Decker Fire grows to more than 5,800 acres

The fire is about three miles south of Salida, Colorado

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Decker Fire
Decker Fire as seen from the north side of Salida, CO October 2, 2019. Photo by John Phillips.

(7:30 a.m. MDT October 4, 2019)

A mapping flight Thursday night found that the Decker Fire south of Salida,  Colorado had grown by 2,078 acres since the previous flight about 48 hours before, bringing the size up to 5,824 acres. Most  of the expansion occurred on the north side bringing it to 2.5 miles south of Highway 50. On the northeast side it spread almost a mile outside the boundary of the Rio Grande National Forest toward Wellsville.

Thanks to higher humidity and calmer winds the fire was not as active Thursday as in recent days (see map below). Instead of the 2 percent relative humidity seen on the fire Wednesday, the minimum reached Thursday was 20 percent.

3-D map Decker Fire
3-D map showing the perimeter of the Decker Fire (in red) at 7:23 p.m. MDT Oct. 3, 2019. The white line was the perimeter about 48 hours before. Looking southeast.

The weather forecast for the north side of the fire calls for 73 degrees  and 15 mph winds  out of the southwest or west on Friday and Saturday. The humidity will be in the teens Friday and single digits on Saturday.

(To see all articles on Wildfire Today about the Decker Fire, including the most recent, click here.)

map Decker Fire
Map showing the perimeter of the Decker Fire (in red) at 7:23 p.m. MDT Oct. 3, 2019. The white line was the perimeter about 48 hours before. The green line is the boundary of the Rio Grande National Forest.

Resources assigned to the fire Thursday evening included 8 hand crews, 10 engines, and 5 helicopters for a total of 458 personnel. Approximately $2.3 million has been spent on managing this less-than-full-suppression fire to date.

We will update this article as more information becomes available.

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Author: Bill Gabbert

After working full time in wildland fire for 33 years, he continues to learn, and strives to be a Student of Fire.

7 thoughts on “Decker Fire grows to more than 5,800 acres”

  1. This is another use of “unplanned fire in the right place at the right time” resulting in severe private property damage. How much of the growth overnight resulted from burning out and how much of the burning out took place on private property?

  2. The Forest Service can be its own worst enemies at times when it comes to the public’s and politicians trust when a long term “managed fire” like Decker burns private lands, requires a Type 1 IMT during the Rocky Mountains shoulder fire season and the expenditure of Million dollars plus that rain and snow will ultimately extinguish. A lot of mixed messages by the Forest Service especially during the 2019 anemic western US fire season. It is not all due to climate change. Need to look hard at policy and poor fire / line officer management decisions regarding safe and efficient wildland fire benefiting Forest Service resource stewardship objectives on National Forest lands.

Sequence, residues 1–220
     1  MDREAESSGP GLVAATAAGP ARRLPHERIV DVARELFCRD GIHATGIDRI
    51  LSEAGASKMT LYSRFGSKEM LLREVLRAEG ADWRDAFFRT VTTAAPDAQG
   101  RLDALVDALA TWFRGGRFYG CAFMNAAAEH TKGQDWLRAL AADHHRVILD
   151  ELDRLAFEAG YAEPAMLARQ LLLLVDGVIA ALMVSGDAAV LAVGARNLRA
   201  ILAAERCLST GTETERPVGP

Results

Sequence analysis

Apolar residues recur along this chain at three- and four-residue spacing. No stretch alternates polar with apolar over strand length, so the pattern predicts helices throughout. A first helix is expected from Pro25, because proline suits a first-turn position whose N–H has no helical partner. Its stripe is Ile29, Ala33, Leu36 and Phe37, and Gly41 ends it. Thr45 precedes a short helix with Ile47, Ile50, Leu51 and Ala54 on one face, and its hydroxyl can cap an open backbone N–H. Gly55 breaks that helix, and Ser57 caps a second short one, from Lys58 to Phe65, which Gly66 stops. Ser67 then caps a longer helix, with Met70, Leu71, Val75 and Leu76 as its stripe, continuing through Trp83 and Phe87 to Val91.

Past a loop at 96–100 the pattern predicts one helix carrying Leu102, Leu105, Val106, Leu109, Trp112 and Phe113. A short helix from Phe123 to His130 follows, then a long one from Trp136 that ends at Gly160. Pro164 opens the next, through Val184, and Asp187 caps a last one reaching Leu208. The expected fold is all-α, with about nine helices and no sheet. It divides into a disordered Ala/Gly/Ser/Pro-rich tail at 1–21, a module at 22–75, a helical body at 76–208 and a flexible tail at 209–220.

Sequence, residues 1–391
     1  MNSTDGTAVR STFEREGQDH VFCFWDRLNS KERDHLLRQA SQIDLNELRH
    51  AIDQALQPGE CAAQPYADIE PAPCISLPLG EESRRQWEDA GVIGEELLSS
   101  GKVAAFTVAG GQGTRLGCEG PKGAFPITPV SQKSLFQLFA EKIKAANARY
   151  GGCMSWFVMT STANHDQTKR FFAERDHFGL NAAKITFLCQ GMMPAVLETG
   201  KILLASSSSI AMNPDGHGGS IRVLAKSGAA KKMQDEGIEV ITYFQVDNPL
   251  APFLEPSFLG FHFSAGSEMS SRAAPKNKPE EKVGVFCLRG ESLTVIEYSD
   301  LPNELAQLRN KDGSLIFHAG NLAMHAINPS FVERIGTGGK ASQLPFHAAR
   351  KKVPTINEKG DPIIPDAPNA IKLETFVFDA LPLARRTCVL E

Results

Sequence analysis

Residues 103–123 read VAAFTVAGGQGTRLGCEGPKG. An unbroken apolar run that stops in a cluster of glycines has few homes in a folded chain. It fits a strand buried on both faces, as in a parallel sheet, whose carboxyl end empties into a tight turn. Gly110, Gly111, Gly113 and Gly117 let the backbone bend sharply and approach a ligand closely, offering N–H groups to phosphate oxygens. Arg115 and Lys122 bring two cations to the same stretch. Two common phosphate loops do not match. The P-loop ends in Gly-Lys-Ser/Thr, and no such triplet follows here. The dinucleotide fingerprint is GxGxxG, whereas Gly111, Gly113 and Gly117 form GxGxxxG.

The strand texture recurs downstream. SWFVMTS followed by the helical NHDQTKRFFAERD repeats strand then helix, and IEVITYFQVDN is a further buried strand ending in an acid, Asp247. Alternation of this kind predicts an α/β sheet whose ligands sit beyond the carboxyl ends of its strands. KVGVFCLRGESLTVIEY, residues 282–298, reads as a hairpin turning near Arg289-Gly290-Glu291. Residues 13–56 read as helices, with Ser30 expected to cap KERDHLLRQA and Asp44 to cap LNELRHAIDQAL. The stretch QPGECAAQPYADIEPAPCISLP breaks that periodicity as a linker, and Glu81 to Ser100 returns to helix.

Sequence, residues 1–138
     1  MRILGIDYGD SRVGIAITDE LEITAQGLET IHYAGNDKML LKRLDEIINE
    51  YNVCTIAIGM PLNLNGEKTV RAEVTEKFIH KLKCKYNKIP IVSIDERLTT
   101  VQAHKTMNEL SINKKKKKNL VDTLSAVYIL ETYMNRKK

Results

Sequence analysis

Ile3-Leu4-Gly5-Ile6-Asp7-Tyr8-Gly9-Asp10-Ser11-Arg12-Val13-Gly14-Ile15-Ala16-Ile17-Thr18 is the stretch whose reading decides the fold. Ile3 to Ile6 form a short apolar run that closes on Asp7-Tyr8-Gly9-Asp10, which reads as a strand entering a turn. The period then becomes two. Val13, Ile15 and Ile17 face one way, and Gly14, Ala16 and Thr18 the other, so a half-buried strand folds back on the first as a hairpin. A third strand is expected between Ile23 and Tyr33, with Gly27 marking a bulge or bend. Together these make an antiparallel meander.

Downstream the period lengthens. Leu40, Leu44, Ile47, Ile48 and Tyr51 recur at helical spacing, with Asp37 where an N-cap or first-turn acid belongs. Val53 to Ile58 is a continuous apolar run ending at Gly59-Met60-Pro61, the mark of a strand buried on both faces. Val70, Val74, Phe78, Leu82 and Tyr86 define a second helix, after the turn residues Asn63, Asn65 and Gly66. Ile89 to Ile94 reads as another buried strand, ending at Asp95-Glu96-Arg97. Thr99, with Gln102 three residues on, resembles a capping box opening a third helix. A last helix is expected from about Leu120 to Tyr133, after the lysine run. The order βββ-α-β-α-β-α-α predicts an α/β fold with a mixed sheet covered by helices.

3. Keeping my fingers crossed for everyone in the area. Thanks to all those who are fighting this fire. God bless.

  4. The forest service could have avoided this mess and didn’t. Worse yet they are still saying they said by their decision to let it burn. No accountability there. Not happy with them right now.

  5. You should be upset. Hopefully none of your property burned or is threatened by the fire.

  6. We are 2 miles out from being under mandatory evacuation. We have 2 elderly parents, 7 dogs, and four cats. Our neighbors to the east were unable to obtain fire insurance. If our home burns I am not sure if we can rebuild, and re-insure. Our parents retired here and thankfully can be re-imbursed. But, what is the point in rebuilding if the insurance companies won’t insure. There is a larger problem here and it is difficult to know who is at fault. I thank the people on the ground who are assisting. I offer my hopes and prayers to those less fortunate, and I condemn those that obstruct or impead the rights of others.

  7. What started as a lightning strike that ws left for a controlled burn that as you know if you live here with the afternoon high winds got out of control this is the price we pay for living in these mountains you should expect a fire every 100 years we haven’t had one in 140 years it was overdue i live on the mountain and am still on the evacuation list i understand the situation and don’t hold anyone accountable for an act of god that got out of control i am amazed at the love and compassion of the people here to accommodate those people less fortunate to give them shelter and the restaurants the red cross and all those amazing firefighters here protecting our homes God Bless them all

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